Feb 10

Dog CPR – save your dogs life

Many of us know how to perform CPR on a person, but could you perform CPR on your dog? Here we run through the dog CPR basics, I hope you never have to use it but it is great to know.

Dog CPR – save your dogs life

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Whilst this article will describe CPR in dogs, where possible prevention is better than cure. Be wary of what your dog chews or where he/she plays for example. Lets get on with dog CPR;Dog CPR follows the same pattern as human CPR utilising the ABC structure. ABC stands for Airway, Breathing, Circulation. Make sure that your dog requires CPR prior to initiating it as performing CPR on a dog that doesn’t need it can harm the dog.

Dog CPR – Airway

Firstly we need to make sure the airway is free from obstruction. Open your dogs mouth, locate the tongue and move to the side, if you can see any other obstruction such as a toy, bone or chew reach in and pull it out. Be careful during this stage as the dog may have a natural instinct to bite.

Once the airway is clear we need to create a straight path for the air. Move your dogs head back gently so that the mouth is in line with the neck.

Now we differ from human CPR. With a human you cover their nose and breath into the mouth, dog CPR is reversed. Close your dogs mouth and perform two breaths through the nose. The breaths should be considerate of the size of your dog, obviously a Great Dane will require human size breathes whereas a Chihuahua will need a much shorter breath. A correct sized breath will make the chest rise slightly.

Did the dogs lungs inflate with the blow? If yes then great, the airway is clear and air is getting into the lungs and you can move onto Circulation. If your dogs lungs didn’t inflate, perform the checks above to ensure a clear passage. Check again for an obstruction and ensure the tongue is not in the throat. Perform two more breaths, if the lungs still fail to inflate you may need to perform the Heimlich maneuver.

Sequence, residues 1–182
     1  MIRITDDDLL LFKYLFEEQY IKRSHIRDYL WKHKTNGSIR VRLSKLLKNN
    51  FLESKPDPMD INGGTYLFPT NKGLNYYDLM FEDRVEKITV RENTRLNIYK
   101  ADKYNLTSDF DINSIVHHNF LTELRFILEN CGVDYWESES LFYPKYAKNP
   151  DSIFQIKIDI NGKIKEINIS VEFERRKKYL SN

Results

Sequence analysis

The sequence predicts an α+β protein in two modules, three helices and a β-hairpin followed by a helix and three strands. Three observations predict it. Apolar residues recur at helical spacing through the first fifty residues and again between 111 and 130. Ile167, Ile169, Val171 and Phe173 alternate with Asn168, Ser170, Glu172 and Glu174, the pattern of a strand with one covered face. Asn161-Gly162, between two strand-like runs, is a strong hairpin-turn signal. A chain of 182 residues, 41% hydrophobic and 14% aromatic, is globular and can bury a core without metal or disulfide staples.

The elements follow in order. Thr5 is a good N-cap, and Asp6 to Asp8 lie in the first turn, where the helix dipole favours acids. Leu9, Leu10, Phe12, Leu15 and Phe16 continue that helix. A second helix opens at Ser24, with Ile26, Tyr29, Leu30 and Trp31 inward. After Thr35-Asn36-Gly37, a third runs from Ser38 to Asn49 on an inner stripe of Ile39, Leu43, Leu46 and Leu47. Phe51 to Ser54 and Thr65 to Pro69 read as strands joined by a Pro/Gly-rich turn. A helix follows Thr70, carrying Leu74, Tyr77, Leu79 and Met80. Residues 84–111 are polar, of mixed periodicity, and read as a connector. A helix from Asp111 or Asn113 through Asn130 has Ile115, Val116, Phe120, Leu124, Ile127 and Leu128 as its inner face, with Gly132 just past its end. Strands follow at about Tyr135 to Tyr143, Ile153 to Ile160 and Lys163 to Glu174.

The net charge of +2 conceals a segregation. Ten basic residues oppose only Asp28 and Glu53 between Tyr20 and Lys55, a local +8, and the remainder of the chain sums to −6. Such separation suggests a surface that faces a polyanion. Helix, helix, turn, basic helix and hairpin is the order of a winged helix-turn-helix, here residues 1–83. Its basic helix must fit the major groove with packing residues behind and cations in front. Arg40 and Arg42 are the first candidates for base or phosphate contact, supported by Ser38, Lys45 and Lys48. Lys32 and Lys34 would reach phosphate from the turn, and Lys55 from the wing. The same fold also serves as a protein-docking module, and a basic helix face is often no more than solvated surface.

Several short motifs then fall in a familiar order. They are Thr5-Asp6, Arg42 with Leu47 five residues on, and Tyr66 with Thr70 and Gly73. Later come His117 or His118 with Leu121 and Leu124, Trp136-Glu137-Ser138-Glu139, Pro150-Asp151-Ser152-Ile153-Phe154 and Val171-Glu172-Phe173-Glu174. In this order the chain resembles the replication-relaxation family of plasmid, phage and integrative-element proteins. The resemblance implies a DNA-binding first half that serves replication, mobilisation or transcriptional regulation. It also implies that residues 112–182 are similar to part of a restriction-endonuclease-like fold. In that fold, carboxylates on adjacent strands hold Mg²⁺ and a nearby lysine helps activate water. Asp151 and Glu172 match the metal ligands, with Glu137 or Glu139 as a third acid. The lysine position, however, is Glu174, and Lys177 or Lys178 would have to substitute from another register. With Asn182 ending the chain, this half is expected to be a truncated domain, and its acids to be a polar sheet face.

Dog CPR – Breathing

By now you should have cleared the dogs airway and performed two breaths. Often this will instigate breathing in your dog. If not, we need to move onto more breathing exercises. Perform these first and move onto Circulation in conjunction with breathing if necessary.

Ensure you are maintaining a clear airway and perform one breath every 5 seconds for 1 minute. If you dog begins breathing stop and move onto Circulation, if your dog is still not breathing we shall move onto Circulation in conjunction with Breathing.

Dog CPR – Circulation

So far you should have ensured a clear airway, performed two breaths and/or assisted your dog to breathe. Now we need to make sure your dogs heart is beating. Firstly we need to check for a pulse, there are many ways to do this easily on a human but would you be able to find a pulse on a dog?

Find dog pulseThe pulse in a dog is most readily found on the inside of the rear thigh where the leg joins the body. Don’t press too hard as you will feel your own pulse in your finger. The pulse of a dog ranges from 70 – 180bpm, smaller dogs have a faster heart beat whereas large dogs have a slower heart beat. A dogs pulse is also not regular like a human pulse. Most dogs hearts beat faster when taking in air and slower when breathing out.

If your dog has no pulse we need to start compressions. In humans we should compress in the center of the chest at the bottom of the rib cage. To find the best place to compress a dogs chest, lay the dog on its right hand side with the dogs legs facing away from you. Raise your dogs left front leg until the elbow touches the chest, this is where you perform the compression.

Compress your dogs chest 12 times, again match the strength of the compressions to the size of your dog. Be hard enough to flex the ribs which should be roughly ½inch for small dogs – 1½inches for large dogs. Follow the compressions with 2 breaths if required.